Journal article

Knowledge of results during vertical jump testing: an effective method to increase the performance but not the consistency of vertical jumps

  • García-Ramos, Amador Department of Physical Education and Sport, Faculty of Sport Sciences, University of Granada , Granada, Spain - Department of Sports Sciences and Physical Conditioning, Faculty of Education, Catholic University of the Most Holy Conception , Concepción, Chile
  • Janicijevic, Danica Faculty of Sport and Physical Education, the Research Centre, University of Belgrade , Belgrade, Serbia
  • Cobo-Font, Juande Department of Physical Education and Sport, Faculty of Sport Sciences, University of Granada , Granada, Spain
  • Marcos-Frutos, Daniel Department of Physical Education and Sport, Faculty of Sport Sciences, University of Granada , Granada, Spain
  • Fernandes, John F. T. Sport, Exercise and Well-being Arena, Hartpury University , Hartpury, UK
  • Taube, Wolfgang Department of Neurosciences and Movement Sciences, University of Fribourg , Fribourg, Switzerland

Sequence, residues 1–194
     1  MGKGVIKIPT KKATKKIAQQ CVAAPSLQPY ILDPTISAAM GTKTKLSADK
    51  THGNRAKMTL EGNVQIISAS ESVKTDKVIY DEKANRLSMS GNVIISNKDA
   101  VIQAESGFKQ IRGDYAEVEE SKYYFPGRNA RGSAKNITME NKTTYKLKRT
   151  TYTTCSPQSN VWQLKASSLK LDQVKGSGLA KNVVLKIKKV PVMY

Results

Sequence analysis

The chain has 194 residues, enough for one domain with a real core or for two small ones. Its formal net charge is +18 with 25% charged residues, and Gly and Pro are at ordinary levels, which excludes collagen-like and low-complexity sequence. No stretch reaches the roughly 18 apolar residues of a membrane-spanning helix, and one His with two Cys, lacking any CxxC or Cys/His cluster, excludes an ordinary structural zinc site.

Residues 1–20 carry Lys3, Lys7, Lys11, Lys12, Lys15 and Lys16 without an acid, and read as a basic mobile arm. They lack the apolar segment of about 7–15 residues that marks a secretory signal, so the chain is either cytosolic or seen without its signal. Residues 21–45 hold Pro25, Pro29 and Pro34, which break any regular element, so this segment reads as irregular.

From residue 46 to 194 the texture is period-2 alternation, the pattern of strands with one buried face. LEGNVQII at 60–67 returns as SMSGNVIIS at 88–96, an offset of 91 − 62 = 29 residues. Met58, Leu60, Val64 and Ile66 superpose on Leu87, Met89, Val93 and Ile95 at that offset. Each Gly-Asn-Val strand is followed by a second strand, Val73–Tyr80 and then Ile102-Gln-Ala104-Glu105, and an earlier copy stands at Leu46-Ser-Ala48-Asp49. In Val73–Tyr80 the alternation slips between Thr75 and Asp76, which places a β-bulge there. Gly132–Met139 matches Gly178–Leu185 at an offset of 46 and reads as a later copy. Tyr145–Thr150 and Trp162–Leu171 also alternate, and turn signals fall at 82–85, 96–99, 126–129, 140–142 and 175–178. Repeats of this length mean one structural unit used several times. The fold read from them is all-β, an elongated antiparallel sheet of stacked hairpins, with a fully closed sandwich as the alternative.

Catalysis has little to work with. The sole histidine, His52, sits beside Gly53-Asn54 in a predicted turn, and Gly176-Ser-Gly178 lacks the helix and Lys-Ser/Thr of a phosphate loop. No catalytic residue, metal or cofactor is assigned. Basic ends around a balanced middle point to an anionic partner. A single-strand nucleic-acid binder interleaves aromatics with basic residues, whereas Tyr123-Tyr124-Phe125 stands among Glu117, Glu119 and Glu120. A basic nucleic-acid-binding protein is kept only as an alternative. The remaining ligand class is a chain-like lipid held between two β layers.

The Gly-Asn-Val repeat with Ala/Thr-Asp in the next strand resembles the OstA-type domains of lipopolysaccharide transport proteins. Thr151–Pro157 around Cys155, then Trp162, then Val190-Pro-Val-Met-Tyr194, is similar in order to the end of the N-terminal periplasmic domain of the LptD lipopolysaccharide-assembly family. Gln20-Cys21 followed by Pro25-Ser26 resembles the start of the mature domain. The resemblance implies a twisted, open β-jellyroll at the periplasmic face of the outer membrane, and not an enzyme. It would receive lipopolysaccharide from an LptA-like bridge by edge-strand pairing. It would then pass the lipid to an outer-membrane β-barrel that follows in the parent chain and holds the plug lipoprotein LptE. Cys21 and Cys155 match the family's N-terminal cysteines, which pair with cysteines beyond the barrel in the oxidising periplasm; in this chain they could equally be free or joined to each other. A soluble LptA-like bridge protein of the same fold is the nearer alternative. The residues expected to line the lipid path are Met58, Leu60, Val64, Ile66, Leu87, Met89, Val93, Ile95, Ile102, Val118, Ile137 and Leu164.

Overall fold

• Pérez-Castilla, Alejandro Department of Physical Education and Sport, Faculty of Sport Sciences, University of Granada , Granada, Spain
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    22.06.2020
Published in:
  • Sports Biomechanics. - 2020, vol. 0, no. 0, p. 1–13
English This study aimed to determine whether the provision of jump height feedback (knowledge of result; KR) can increase the performance and the consistency of output variables. In a randomised order, sixteen participants performed six squat or countermovement jumps (three from a 90º knee angle and three from a self-preferred knee angle) with or without KR over four sessions. The provision of KR significantly increased peak force (p = 0.046, 1.83%), mean force (p = 0.037, 1.45%), peak velocity (p < 0.001, 3.71%), mean velocity (p = 0.004, 3.44%), peak power (p < 0.001, 4.22%) and mean power (p = 0.001, 4.69%). A high within-session reliability was observed for all variables (coefficient of variation [CV] ≤ 5.62%, intraclass correlation coefficient [ICC] ≥ 0.95). No systematic differences in reliability were detected between the jumps performed without KR (CV = 3.00 ± 1.38%, ICC = 0.97 ± 0.03) and with KR (CV = 3.04 ± 1.49%, ICC = 0.97 ± 0.04). These results suggest that the provision of jump height feedback during vertical jump testing is effective to enhance vertical jump performance but it does not reduce the variability between jumps.
Faculty
Faculté des sciences et de médecine
Department
Département de Médecine
Language
  • English
Classification
Sports sciences
License
License undefined
Identifiers
Persistent URL
https://folia.unifr.ch/unifr/documents/308702
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